How Far Back Do Insurance Companies Check Medical Records?

How Far Back Do Insurance Companies Check Medical Records?

Insurance companies check medical records for a variety of reasons, including determining eligibility for coverage, assessing risk, and determining payment amounts. But how far back do insurance companies typically check?

Insurance companies typically check medical records back five to ten years, depending on the type of coverage and the insurer. This means that any medical history, including diagnoses, treatments, and medications, that occurred within that time frame can be used to determine coverage and payment amounts.

There are some disadvantages to insurance companies checking medical records. For one, it can be difficult to access records that are more than a few years old. Additionally, insurance companies may use the information to deny coverage or limit the amount of coverage offered. Finally, medical records are often incomplete, leaving out important information that could be used to determine coverage.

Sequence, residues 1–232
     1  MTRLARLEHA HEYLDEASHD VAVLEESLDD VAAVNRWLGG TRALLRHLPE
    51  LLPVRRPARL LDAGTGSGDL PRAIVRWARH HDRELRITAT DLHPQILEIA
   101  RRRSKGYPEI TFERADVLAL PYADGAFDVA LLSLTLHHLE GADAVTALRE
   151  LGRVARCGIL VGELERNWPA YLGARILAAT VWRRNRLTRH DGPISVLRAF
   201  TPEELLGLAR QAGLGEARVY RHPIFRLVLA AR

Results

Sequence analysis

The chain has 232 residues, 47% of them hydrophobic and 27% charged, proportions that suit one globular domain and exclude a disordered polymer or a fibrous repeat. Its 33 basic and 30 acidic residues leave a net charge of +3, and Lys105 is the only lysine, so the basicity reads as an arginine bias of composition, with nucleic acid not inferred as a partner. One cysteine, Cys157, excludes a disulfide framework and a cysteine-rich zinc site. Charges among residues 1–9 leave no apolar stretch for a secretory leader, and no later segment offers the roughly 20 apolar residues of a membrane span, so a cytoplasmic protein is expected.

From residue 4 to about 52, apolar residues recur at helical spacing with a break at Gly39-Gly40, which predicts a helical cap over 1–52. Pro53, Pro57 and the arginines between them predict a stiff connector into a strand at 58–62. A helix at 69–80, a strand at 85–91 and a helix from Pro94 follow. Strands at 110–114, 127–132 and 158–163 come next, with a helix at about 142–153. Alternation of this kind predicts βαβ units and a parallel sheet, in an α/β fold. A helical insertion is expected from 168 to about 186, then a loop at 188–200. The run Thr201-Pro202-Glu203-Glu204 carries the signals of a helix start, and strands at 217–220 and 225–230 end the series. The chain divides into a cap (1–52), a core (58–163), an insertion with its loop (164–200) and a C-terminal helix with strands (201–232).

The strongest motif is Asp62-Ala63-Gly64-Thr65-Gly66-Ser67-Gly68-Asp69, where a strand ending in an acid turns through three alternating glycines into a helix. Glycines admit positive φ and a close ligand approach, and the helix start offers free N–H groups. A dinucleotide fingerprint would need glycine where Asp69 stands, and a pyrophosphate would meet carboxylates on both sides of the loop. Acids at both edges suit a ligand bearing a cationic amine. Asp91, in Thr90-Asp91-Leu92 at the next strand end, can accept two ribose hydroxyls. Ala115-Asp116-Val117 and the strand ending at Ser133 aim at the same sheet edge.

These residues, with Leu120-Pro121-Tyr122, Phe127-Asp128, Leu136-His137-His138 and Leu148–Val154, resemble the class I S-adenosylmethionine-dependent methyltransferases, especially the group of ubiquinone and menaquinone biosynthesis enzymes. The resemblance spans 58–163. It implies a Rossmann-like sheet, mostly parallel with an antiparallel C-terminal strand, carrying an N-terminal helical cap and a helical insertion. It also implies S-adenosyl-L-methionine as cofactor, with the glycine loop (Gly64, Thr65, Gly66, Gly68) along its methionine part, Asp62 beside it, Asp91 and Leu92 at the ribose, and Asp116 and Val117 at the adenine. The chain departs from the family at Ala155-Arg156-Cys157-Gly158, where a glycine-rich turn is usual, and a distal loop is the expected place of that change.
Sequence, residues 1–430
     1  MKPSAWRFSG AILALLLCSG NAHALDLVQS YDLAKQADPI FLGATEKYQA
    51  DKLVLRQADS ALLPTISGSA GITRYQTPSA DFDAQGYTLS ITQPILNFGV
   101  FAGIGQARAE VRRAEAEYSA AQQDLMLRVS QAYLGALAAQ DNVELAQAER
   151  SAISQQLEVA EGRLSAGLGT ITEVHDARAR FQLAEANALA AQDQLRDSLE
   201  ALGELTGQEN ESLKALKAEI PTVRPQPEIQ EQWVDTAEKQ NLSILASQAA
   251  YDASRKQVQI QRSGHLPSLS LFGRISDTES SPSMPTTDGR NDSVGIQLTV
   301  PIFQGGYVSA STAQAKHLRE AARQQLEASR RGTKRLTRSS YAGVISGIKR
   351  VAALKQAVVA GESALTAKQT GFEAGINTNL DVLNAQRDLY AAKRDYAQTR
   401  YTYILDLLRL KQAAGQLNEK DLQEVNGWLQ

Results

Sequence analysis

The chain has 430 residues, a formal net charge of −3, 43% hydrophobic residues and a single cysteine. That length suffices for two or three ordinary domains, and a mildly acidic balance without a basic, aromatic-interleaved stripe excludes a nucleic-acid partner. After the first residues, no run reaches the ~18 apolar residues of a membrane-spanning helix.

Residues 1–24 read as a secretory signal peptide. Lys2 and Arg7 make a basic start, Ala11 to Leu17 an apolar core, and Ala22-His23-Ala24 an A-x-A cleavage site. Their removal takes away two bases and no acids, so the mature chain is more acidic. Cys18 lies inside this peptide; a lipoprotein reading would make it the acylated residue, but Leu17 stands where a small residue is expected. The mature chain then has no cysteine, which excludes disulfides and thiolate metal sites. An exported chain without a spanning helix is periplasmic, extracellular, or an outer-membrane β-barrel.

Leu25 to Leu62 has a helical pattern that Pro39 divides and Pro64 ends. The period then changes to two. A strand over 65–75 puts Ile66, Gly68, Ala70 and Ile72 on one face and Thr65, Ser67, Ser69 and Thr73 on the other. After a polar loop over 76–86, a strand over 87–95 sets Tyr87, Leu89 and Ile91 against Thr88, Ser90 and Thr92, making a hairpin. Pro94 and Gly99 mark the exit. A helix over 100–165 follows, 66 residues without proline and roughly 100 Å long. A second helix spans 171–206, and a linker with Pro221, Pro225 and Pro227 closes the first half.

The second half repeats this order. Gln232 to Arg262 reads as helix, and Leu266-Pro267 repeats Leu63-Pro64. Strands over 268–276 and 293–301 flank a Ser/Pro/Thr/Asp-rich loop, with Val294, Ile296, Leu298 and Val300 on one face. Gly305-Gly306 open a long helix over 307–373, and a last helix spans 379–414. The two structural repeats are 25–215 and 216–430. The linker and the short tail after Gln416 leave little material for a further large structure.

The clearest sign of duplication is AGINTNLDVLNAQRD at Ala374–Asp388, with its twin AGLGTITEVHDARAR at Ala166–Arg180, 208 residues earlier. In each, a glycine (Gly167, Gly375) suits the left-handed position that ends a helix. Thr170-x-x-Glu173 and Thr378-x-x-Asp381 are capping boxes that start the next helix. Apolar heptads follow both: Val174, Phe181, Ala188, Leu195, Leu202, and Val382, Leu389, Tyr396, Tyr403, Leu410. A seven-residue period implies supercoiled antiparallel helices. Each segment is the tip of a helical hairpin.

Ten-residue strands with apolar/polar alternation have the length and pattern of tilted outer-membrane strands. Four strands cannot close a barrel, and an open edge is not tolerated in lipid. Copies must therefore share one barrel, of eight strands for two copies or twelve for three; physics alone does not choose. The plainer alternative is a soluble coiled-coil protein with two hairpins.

The practice of insurance companies checking medical records dates back to the late 19th century. In 1892, a group of physicians and businessmen created the American Association of Life Insurance Companies (AALIC). The AALIC began collecting medical records from its members in order to assess the risk associated with offering life insurance policies. This practice eventually spread to other types of insurance, such as health and disability.

Today, insurance companies continue to use medical records to determine eligibility for coverage, assess risk, and determine payment amounts. While this practice can be beneficial in some cases, it can also be a source of frustration for those who are denied coverage or limited in the amount of coverage they receive.